Russia’s Central Bank cuts key rate to 7%
The board of directors of Russia's Central Bank has cut its key rate today by 25 bp to 7.00% per annum.
Commenting on the decision, the regulator's press service said that inflation slowdown is continuing, but inflation expectations remain elevated.
The Central Bank noted that Russian economy’s growth rate is still coming in lower than the Bank of Russia’s expectations, as well as stressed that risks of a global economic slowdown have increased.
According to the regulator, risks of inflation accelerating or slowing down by the year-end are balanced. Du to this, the central bank said it had lowered its year-end inflation forecast to 4.0-4.5% from 4.2-4.7%.
According to the Bank of Russia’s forecast and taking into account the monetary policy stance, annual inflation will remain close to 4%.
If the situation develops in line with the baseline forecast, the Bank of Russia will consider the necessity of further key rate reduction at one of the upcoming Board of Directors’ meetings.
The next meeting of the Board of Directors of the Central Bank, at which the key rate will be discussed, will be held on October 25, 2019.
Head of the State Duma’s Committee for Financial Markets Anatoly Aksakov, speaking to Vestnik Kavkaza, noted that the Russian Central Bank is able to lower its key rate to a pre-crisis level thanks to a steadily decelerating inflation. "By the end of the year, inflation will reach the target of 4%, and next year, according to the forecasts of the Ministry of Economic Development, it will reach 3.6%. In August there was a deflation of 0.2%, for the first time in two years. Accordingly, there is currency stability and the stability of the financial sector as a whole," he said.
"The second factor is low economic growth, which forces them to work on reviving it. The key rate is the right tool for this purpose, since its reduction makes loans cheaper for both business and the public. It was also caused by external factors: the Fed has already cut its refinancing rate and plans to continue this trend," Anatoly Aksakov said.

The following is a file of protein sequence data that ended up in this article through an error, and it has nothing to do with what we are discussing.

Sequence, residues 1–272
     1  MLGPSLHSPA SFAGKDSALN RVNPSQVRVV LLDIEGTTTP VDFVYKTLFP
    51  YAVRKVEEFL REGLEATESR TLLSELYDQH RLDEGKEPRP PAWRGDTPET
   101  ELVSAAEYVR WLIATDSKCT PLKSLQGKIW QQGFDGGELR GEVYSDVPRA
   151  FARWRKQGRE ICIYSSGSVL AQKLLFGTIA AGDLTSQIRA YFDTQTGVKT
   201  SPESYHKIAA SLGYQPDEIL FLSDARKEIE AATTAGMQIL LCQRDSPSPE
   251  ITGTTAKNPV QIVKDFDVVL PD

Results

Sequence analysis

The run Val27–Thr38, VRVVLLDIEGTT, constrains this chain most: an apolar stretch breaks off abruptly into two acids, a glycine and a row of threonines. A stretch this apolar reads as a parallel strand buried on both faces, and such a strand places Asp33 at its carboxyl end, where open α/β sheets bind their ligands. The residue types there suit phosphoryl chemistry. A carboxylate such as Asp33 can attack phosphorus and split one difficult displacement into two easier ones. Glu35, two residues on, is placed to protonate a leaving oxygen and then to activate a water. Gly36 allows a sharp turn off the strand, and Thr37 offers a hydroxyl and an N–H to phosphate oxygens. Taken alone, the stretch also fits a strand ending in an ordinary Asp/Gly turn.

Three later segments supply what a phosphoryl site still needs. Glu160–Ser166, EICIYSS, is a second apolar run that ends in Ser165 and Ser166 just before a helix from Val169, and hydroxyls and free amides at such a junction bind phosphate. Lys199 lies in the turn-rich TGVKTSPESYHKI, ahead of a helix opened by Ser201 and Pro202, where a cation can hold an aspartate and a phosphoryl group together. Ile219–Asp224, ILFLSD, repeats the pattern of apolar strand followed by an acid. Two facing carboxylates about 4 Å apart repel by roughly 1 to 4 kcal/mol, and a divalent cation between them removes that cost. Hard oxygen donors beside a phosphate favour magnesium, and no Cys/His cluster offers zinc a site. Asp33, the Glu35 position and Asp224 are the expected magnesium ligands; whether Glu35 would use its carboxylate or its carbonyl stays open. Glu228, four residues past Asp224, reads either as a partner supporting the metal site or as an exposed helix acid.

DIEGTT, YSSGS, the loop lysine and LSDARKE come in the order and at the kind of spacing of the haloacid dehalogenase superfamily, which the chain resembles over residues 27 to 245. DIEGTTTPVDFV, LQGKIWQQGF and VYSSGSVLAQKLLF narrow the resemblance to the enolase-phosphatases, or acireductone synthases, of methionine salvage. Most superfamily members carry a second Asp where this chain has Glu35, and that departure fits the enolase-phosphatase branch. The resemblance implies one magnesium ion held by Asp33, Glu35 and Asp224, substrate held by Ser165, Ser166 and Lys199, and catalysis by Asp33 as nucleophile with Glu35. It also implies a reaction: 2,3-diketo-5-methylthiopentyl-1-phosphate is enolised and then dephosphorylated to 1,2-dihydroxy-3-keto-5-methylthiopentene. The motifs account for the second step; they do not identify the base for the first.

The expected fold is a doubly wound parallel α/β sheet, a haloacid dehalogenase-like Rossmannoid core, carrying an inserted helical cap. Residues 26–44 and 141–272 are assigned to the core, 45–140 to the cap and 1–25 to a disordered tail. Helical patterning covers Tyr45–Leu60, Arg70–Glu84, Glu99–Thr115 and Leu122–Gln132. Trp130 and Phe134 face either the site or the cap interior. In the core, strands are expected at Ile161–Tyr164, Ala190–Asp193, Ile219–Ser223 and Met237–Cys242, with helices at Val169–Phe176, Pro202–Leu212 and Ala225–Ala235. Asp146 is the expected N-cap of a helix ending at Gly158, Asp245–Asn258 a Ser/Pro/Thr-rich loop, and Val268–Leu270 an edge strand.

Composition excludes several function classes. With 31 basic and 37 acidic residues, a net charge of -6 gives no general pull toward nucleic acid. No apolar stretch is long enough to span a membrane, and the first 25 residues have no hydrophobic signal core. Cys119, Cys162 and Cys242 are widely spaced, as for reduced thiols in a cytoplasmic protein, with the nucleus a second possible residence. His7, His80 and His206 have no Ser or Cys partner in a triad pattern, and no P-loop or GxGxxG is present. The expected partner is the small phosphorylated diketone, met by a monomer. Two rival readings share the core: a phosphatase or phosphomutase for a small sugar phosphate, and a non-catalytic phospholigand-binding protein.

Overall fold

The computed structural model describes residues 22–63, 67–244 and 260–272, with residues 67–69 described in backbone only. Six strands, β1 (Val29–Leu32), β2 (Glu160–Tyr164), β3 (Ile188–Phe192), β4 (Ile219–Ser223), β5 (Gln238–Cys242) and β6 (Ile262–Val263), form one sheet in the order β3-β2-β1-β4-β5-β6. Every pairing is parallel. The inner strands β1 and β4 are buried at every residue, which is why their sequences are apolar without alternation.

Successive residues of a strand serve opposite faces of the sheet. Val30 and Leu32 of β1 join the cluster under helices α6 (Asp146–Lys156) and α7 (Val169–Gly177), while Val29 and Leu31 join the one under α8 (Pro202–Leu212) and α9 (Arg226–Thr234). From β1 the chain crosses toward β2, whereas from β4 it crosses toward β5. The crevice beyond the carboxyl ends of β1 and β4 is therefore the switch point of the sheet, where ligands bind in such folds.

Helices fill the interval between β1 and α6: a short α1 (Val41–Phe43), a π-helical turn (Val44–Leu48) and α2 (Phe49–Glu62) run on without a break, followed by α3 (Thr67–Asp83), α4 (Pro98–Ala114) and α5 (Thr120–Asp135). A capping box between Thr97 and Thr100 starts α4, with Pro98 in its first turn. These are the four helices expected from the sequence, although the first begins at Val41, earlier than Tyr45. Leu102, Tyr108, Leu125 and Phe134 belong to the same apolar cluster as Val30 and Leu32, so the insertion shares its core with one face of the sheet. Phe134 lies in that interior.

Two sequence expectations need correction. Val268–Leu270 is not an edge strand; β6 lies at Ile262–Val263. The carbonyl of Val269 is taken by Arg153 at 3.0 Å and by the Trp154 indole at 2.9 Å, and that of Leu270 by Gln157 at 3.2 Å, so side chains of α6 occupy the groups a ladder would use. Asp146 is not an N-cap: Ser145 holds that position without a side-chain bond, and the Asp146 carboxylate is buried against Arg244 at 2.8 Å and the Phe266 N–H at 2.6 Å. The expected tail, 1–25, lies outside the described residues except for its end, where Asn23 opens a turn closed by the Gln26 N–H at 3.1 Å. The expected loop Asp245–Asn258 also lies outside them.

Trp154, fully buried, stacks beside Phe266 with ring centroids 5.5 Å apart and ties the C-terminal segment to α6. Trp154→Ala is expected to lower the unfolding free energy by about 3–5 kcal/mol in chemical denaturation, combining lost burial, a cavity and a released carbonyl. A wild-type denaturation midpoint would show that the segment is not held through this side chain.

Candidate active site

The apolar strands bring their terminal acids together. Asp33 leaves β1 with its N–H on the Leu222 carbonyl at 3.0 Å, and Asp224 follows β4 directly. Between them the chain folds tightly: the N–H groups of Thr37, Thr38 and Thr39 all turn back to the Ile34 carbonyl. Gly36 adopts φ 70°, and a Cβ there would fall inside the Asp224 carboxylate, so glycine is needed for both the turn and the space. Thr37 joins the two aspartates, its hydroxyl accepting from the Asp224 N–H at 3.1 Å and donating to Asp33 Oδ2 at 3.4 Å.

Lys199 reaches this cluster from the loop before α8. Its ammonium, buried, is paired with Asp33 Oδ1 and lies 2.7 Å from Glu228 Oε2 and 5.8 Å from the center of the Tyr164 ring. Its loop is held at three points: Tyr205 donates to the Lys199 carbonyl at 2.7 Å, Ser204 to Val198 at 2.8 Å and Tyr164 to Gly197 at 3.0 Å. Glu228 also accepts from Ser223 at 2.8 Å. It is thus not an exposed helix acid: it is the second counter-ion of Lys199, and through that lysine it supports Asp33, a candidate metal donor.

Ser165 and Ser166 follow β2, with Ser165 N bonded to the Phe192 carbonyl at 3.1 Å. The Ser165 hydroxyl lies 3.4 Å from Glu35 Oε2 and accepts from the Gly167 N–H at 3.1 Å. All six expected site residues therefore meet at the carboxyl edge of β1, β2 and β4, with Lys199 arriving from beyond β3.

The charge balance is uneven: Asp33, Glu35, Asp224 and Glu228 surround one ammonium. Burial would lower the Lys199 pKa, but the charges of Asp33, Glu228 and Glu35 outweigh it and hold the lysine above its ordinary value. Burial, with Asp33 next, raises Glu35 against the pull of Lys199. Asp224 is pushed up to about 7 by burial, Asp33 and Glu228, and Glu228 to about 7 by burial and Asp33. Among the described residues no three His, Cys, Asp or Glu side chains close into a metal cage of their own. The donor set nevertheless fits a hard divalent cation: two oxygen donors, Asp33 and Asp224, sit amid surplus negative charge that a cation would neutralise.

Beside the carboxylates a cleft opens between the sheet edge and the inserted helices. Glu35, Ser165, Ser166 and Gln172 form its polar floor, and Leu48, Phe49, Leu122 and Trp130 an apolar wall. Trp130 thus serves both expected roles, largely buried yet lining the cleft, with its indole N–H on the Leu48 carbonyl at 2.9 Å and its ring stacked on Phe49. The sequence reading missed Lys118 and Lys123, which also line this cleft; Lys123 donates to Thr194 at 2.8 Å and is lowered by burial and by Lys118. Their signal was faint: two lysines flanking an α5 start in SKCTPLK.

According to the head of the State Duma’s Committee for Financial Markets, the Central Bank could reduce the rate by 50 percentage points today. "This would not affect inflation. But the Central Bank, apparently, decided to move in stages. I’m sure that there will be another 0.25% decrease at the next meeting of the board of directors, because there are objective conditions for a more significant reduction in the key rate," he stressed.
The professor at the department of the stock market and investments at the Higher School of Economics, Alexander Abramov, in turn, suggested that a key rate could be reduced to 5% without threatening inflation targets.
At the same time, the Russian Central Bank continues to adhere to the slowest rate of declining the key rate. "This is done to take any negative consequences into account. In this case, with stagnating incomes, the key factor is moderate inflation, and while it continues to decline, the Central Bank could regularly cut the rate by 0.5%. Cutting 0.25% to 7% is a very small step when compared with the practices of other countries. Yes, in the U.S. the rate is reduced by 0.25%, since it is already 2.5-3%, but when the rate is 7%, it's too slow. But it's a signal that the Central Bank is aware of its reserves and will lower the rate further," Alexander Abramov concluded.